October 16, 2016
By Steven Wishnia and Neal Tepel
New York,NY – More than 350 people perused exhibits from hearing-health providers, pharmacy-benefit managers, and more at the Teamsters Center Services fund’s annual Health & Benefits Expo Oct. 14, held at the Grand Hyatt hotel in Manhattan.
The center, a Teamsters’ Taft-Hartley trust fund that provides services to 20 locals, conceived the event 23 years ago, says fund administrator Andy Johnson. People “realized we have all these unions who need vendors, and all these vendors who need unions,” he told LaborPress. This year’s event drew 53 exhibitors and participants from more than 130 companies, unions, and benefit plans (including LaborPress).
“It’s just a really good local forum for vendors, benefit-plan administrators, and trustees to get a chance to network,” Johnson says. Unions need services such as dental, vision, and health insurance, he explains and the exposition offers them one-stop shopping in an environment that’s large enough to offer a good selection but not so overwhelming that people can’t talk to each other.
Union-owned benefits-management outfits exhibiting included Ullico, which was founded in 1926 by the AFL to provide life insurance back when “a lot of companies wouldn’t insure union workers,” says Larry Paradise, vice president of sales. Today, it’s still “100% owned by the unions,” and has expanded into financing real-estate development, pension-fund management, and “stop-loss” programs. Those, Paradise explains, protect self-insured union health plans against losing money when members run up massive medical bills, and have become particularly important since the Affordable Care Act prohibited insurance companies from capping the amount of benefits a person can receive.The Amalgamated insurance companies, founded in 1943 and owned by UNITE HERE and the Workers United pension fund, provide coverage including life, accident, disability, and stop-loss policies. The advantage of a union-owned insurer, says executive vice president John A. Thornton, is that “we have a historical understanding of the wants and needs of union members and their families.”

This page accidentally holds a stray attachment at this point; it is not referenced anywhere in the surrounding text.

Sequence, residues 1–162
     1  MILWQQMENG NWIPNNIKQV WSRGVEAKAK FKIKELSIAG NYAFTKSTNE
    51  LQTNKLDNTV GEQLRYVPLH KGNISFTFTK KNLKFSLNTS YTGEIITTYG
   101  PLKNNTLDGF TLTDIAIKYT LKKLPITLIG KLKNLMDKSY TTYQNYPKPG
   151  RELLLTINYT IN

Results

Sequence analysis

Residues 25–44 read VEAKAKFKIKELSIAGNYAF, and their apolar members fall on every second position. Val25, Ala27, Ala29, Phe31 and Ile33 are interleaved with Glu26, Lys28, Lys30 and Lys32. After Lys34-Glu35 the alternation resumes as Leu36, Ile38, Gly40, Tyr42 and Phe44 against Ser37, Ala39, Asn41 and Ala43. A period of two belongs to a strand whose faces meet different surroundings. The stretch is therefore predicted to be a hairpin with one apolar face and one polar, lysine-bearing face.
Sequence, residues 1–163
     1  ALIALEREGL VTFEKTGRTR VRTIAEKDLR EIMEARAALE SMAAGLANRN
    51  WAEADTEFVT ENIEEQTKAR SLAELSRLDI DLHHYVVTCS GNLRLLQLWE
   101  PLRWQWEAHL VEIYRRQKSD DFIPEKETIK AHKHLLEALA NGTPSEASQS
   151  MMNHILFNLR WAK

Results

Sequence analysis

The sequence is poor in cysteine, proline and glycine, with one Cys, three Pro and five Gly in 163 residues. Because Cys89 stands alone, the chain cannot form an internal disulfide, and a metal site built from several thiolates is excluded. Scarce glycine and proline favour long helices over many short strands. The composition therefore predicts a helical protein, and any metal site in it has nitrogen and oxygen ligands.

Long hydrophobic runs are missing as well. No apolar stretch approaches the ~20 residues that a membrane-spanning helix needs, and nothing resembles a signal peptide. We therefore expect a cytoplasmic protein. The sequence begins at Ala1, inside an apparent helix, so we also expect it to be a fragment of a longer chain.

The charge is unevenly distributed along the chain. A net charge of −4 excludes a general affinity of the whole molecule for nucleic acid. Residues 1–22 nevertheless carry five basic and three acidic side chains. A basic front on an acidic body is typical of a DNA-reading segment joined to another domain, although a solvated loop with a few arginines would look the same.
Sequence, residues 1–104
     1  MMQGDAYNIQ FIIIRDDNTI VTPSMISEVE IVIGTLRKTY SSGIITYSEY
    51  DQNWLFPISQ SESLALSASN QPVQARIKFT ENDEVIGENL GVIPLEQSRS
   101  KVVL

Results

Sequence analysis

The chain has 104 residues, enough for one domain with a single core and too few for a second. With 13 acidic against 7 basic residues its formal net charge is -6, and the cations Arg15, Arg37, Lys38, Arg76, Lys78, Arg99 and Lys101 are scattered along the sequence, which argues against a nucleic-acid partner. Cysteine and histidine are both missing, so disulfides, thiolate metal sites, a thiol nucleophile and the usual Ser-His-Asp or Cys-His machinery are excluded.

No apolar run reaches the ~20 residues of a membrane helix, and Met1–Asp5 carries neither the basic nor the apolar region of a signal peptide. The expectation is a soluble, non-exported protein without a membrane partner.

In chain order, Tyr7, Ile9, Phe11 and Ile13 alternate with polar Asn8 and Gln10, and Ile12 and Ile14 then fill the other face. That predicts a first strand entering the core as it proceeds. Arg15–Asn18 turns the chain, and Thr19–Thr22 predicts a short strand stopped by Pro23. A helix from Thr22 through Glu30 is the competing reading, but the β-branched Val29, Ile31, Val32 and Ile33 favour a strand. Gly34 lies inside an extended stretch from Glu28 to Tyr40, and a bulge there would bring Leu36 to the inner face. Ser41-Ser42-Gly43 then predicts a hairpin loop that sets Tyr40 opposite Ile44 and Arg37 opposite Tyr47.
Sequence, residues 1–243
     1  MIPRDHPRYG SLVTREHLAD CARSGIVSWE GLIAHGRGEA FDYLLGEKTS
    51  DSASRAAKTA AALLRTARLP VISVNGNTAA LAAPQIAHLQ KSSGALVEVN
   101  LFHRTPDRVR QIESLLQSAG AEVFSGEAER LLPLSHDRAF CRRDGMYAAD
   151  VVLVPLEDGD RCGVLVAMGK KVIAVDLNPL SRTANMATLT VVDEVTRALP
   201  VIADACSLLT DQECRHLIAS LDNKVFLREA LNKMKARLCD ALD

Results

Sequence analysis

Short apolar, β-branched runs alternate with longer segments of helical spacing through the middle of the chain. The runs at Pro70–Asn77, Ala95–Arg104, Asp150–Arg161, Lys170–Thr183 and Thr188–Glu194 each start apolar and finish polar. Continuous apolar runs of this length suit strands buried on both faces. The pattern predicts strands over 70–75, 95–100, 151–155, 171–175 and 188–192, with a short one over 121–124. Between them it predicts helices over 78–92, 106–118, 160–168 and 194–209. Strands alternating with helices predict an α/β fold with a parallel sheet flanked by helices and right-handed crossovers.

Milliman offers the more arcane service of actuary consulting—helping multiemployer pension and health plans project their financial futures. “We help them manage the risks,” says consultant Paul R. Bonsee. The firm’s union clients include 1199 SEIU.
Hearing was a major topic, with the opening workshop on “The Silent Threat to Health and Productivity: The Need for Hearing Benefits.” EPIC Hearing Healthcare offers full hearing coverage similar to vision and dental benefits, says director of sales Mike Reha. “We focus specifically on hearing,” says East Coast sales director Tristian Walker. “We don’t try to be a jack-of-all-trades.” The company has the largest network of audiologists in the nation, he adds.
The Minnesota-based Amplifon company vends 10% of all hearing aids sold in the U.S., says senior account executive Jesse Johnson. The firm partners with Taft-Hartley multiemployer plans, such as that of SMART, the International Association of Sheet Metal, Air, Rail and Transportation Workers. With 176 million people and 4,600 audiologists in its network, Johnson says, the company can use its bulk-purchasing power to bring down prices by more than half.
The exhibitors also included several drug and alcohol rehab facilities, such as the Evolutions Treatment Center from Fort Lauderdale, Florida. That center, open for four years, operates on the philosophy that recovery works better when it’s based on “attraction,” says admissions director Blake E. Cohen. People are more likely to stay sober if they see someone in recovery doing well, he explains. “It’s about showing people they can have a better life.”
Tragically, rehab services “are very busy due to the heroin epidemic,” says Andy Johnson. “It’s not the members. It’s their 19- to 25-year-old kids.”